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Acta Ophthalmol Scand. 2005 Apr;83(2):248-51.

Intravitreal triamcinolone acetonide for treatment of cystoid macular oedema in patients with retinitis pigmentosa.

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Istanbul Retina Institute Inc., Istanbul, Turkey.



To evaluate the anatomic and visual outcomes of intravitreal triamcinolone acetonide injection in patients with cystoid macular oedema (CMO) secondary to retinitis pigmentosa (RP).


Five eyes of five patients with CMO secondary to RP, aged 25-41 years (mean 33.2 years) made up the study population. All eyes had persistent CMO despite medical treatment with 250 mg of oral acetazolamide twice daily for 1 month. Intravitreal injection of 4 mg (0.1 ml) triamcinolone acetonide was offered to treat macular oedema. The visual and anatomic responses were observed, as well as complications related to the injection procedure and corticosteroid medication.


Follow-up periods varied between 6 and 8 months (mean 6.8 months); all patients completed 6 months of follow-up. After intravitreal triamcinolone acetonide injection all patients showed good anatomic response. The baseline median central macular thickness was 418 microm (range 376-626 microm). At 1 month, the median central macular thickness had decreased to 224 microm (range 214-326 microm). At 3 and 6 months, the median central macular thicknesses were 275 microm (range 215-584 microm) and 312 microm (range 239-521 microm), respectively. Recurrent CMO was found in one patient at the 3-month follow-up and in two patients at the 6-month follow-up. Retreatment was performed in these patients. At the 1-month follow-up, no patient was found to have lost vision and two patients showed improvement. At the 3- and 6-month follow-ups, no patient had lost vision from baseline but no patient had maintained their improved visual acuity (VA).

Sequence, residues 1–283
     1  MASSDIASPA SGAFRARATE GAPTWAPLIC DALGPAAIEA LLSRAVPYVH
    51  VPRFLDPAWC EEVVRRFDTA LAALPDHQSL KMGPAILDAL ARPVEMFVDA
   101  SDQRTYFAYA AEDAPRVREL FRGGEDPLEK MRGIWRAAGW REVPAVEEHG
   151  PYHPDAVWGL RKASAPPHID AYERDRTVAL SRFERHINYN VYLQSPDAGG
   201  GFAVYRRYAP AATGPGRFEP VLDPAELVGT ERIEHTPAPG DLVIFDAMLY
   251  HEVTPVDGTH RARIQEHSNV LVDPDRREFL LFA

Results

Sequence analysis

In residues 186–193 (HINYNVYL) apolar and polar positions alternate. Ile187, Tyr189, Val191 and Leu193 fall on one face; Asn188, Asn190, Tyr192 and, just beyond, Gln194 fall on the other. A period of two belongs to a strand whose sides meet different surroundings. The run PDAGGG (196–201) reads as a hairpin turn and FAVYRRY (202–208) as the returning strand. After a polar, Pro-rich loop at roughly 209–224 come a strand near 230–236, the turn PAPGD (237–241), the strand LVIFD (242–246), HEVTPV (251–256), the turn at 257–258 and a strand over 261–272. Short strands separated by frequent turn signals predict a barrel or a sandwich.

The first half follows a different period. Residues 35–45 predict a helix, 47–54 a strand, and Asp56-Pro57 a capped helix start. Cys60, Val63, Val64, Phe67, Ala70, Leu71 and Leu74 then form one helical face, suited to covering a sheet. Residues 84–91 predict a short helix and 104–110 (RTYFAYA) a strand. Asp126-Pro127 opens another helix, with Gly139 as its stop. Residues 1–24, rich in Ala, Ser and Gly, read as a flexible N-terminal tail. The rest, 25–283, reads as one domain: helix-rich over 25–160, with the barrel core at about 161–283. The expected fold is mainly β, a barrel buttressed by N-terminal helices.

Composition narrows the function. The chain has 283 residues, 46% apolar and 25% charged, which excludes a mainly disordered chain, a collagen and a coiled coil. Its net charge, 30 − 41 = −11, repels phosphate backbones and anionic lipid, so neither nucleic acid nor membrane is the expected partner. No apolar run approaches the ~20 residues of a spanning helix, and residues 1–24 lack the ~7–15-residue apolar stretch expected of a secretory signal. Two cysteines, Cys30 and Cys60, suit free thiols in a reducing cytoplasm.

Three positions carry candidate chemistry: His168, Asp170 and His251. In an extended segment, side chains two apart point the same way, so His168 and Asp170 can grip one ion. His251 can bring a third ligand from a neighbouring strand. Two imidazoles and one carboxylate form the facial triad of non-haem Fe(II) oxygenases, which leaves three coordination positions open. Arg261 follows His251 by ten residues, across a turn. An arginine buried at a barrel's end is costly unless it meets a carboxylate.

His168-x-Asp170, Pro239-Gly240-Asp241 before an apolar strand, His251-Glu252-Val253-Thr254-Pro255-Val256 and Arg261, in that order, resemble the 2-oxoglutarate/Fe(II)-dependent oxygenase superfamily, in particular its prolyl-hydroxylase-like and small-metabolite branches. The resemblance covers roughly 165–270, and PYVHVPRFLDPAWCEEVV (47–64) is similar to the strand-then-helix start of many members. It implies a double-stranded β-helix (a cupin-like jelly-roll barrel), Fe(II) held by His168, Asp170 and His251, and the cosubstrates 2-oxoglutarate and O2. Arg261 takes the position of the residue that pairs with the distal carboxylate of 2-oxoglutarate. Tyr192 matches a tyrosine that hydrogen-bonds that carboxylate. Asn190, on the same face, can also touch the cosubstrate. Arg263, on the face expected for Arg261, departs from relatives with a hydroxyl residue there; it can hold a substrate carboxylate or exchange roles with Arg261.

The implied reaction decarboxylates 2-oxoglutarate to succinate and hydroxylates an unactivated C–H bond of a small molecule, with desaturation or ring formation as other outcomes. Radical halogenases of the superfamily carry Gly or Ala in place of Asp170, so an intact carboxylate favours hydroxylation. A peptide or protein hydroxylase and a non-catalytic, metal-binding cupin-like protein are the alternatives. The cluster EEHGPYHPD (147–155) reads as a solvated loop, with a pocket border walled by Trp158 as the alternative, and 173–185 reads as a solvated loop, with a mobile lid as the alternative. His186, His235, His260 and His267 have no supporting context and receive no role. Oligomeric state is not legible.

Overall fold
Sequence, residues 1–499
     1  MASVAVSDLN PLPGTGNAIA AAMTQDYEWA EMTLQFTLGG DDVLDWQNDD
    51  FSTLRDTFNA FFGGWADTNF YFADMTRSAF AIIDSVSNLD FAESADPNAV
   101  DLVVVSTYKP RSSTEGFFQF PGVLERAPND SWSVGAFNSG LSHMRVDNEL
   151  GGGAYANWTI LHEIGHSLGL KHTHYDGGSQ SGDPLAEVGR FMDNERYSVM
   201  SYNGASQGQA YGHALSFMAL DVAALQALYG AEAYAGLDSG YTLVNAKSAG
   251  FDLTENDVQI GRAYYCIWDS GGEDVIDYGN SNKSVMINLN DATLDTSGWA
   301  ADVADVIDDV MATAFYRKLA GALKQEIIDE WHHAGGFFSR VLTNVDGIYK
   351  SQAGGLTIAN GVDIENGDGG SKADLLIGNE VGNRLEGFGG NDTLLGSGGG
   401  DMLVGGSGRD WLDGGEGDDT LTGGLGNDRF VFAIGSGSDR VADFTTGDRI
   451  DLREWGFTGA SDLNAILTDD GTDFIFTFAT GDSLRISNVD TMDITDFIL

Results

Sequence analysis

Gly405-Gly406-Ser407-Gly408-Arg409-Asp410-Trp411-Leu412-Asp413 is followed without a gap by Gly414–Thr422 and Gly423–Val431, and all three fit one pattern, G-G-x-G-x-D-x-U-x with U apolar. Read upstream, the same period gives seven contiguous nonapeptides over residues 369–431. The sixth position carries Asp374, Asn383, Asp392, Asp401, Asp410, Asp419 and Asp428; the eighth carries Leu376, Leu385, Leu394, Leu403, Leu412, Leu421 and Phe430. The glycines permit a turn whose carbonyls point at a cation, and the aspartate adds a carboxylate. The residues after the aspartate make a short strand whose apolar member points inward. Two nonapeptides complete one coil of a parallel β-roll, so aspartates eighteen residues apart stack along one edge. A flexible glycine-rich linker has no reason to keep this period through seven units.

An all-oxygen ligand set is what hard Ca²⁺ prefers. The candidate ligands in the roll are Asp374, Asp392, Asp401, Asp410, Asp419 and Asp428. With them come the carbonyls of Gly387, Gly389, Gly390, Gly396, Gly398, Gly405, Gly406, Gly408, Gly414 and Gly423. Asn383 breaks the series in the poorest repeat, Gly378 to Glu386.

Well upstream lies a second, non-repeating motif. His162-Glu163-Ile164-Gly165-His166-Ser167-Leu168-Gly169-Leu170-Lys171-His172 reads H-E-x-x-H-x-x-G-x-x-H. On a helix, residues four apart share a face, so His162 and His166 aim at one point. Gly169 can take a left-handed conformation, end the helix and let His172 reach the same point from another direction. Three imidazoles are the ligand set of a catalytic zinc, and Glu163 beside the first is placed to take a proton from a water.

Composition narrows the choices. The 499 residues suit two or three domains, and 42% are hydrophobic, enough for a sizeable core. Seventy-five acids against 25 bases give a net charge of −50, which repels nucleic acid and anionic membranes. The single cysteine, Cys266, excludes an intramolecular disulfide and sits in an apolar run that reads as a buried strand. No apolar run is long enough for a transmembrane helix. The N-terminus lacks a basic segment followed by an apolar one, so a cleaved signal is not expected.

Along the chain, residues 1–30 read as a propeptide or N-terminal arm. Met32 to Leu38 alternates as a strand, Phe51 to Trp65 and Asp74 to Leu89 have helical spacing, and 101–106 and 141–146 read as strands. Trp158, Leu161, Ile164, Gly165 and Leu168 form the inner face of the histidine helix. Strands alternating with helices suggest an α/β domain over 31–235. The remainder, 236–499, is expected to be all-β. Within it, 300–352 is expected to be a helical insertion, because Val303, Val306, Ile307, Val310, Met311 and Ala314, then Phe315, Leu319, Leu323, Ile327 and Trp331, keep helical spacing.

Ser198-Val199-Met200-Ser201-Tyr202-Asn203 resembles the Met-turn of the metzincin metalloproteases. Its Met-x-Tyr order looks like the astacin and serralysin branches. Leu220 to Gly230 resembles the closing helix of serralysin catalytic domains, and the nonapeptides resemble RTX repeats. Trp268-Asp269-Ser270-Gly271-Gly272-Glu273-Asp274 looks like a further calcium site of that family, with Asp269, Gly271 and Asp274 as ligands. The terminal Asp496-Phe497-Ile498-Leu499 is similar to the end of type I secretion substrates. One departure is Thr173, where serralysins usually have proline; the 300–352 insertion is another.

In our small series, all patients showed an anatomic improvement in CMO after intravitreal injection of triamcinolone acetonide. However, in three out of five patients, despite good anatomic results, no improvement in VA was achieved. Because of the limitations of this pilot study, it is difficult to explain why no improvement in VA was achieved despite good anatomic results in some patients. Further study with longer follow-up periods and larger series is warranted to assess the efficacy of the treatment.

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